Jack Nicklaus’s course, Pearl Valley, in South Africa’s Western Province provides a remarkable golfing experience and more than lives up to the reputation of its architect
It’s easy for any new golf course to say that it has its sights set on being among the best of the best, but it’s much more difficult to put that statement into practice.
Yet, the Pearl Valley Signature Golf Estate & Spa in the wine region of South Africa’s Western province, which opened in 2003, ticks most of the necessary boxes when coming to fulfilling that stated potential.
Designed by Jack Nicklaus and opened by the Golden Bear himself along with golf’s most famous South African, Gary Player, Pearl Valley took 13 months to construct and is quite a remarkable experience.
Bordered by vineyards and set in the shadow of the imposing Drakenstein Mountains and within an hour’s drive of Cape Town, Pearl Valley has become a must destination for golfers visiting the wine trail around Stellenbosch, Franschhoek and Paarl. And, after playing it not long after it opened, the only unfinished feeling you got was from the buildings (a hotel, clubhouse, and on-course homes) that were still under construction. The course itself, by contrast, felt fully bedded in and provided both a great test and great scenery.
On the day of my round, the temperatures were in the high 90s and the south-easterly wind was gusting above 30kph. Playing off the members’ tees (between 10 and 30 meters in front of the championship ones), the 6,085-metre (6,693 yards) test looked within my 11-handicap abilities.
So it was a bit of a shock when I hit off at the opening 365-metre par-4. Here was I dinking a driver up to a reasonable distance before I realized that it was actually drivable for the big hitters (especially the group behind whose ball shot through the green into the rough behind us). Local knowledge really counts.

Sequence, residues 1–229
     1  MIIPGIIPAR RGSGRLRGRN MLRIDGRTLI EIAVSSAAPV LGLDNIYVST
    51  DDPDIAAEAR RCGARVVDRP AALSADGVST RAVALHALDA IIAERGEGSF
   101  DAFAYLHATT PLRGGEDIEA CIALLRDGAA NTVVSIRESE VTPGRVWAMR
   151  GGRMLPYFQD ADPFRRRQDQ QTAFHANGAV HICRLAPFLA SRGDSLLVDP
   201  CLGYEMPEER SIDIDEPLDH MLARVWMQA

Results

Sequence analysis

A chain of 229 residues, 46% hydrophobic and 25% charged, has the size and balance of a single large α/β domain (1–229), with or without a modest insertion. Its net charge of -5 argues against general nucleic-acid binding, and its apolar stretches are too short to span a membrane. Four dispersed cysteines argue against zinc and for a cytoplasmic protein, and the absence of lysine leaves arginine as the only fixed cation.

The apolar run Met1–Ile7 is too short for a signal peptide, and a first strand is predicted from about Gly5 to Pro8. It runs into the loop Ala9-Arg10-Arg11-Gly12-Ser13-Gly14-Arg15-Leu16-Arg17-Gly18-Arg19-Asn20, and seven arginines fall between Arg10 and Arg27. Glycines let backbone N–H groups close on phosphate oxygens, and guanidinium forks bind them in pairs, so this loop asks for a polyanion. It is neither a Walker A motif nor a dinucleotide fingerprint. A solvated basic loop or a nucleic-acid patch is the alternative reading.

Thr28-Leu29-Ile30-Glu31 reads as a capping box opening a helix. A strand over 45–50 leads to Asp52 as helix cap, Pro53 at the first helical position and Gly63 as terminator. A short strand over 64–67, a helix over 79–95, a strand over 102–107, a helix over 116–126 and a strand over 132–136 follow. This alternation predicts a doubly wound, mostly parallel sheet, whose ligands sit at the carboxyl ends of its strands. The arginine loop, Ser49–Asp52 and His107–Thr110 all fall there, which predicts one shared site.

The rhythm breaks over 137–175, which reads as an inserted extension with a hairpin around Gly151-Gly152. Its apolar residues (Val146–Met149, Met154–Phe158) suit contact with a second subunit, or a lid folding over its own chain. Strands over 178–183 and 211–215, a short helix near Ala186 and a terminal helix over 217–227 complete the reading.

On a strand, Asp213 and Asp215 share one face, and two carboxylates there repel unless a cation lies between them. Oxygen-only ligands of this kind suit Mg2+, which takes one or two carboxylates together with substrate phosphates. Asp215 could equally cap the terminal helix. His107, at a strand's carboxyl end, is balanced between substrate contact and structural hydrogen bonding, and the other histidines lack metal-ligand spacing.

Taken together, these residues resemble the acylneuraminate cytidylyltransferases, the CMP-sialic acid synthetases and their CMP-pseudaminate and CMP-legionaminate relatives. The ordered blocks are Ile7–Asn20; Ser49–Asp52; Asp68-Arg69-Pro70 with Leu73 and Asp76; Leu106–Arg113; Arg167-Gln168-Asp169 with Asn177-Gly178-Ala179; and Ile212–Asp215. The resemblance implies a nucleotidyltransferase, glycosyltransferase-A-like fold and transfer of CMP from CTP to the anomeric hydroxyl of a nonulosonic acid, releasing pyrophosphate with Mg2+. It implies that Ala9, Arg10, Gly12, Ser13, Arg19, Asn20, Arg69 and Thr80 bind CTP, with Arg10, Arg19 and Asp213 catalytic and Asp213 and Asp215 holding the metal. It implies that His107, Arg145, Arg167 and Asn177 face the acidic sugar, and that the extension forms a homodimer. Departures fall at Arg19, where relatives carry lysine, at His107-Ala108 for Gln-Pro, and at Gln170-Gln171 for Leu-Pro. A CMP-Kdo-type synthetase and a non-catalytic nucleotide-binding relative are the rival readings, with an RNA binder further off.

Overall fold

And the wind was to be a factor throughout the round. With no buildings and relatively few trees yet fully grown, you can feel a constant blast at Pearl valley (however, in such hot temperatures, the wind is a welcome relief from total stillness.
The next hole of interest is the fourth – a classic Nicklaus challenge. It’s a shortish par-3 at 157 meters, but the hole bends wickedly left to right with water all down the right and, of course, the wind coming off the left. Yes, a slicer’s nightmare. And just to make things perfect, a massive bunker is situated along the left edge of the green in case you bail out too far. Hitting a six-iron into the catch-all bunker and then a thinned sand iron into the water, it’s not hard to see how I was thrilled to walk off with a five.
Pearl Valley may look as inviting as any resort course, but it has plenty of ways to bite back.
The two par-5s on the front nine (especially the 450-metre fifth with its massive desert-type bunker on the approach to the green) are birdie opportunities if played sensibly while the par-3 eighth has the only real saucer-looking green. At 205 meters, it’s really long enough without the tricky putting surface, so a four here was acceptable.
The ninth uses water to the left of the green as a knee-twitcher, but a front-to-back sloping green helps calm the nerves and I don’t know how I missed the par putt. Using my customary unusually-generous gimme scoring system, I was happy with 16 stableford points.
And this was achieved while putting on very firm and fast greens. With most sloping back to front, there was some help for us poor hackers, but they were not easy to read and very fast on the day even though they read 9.7 on the stimp meter (how nice to be told the green speed, for a change!).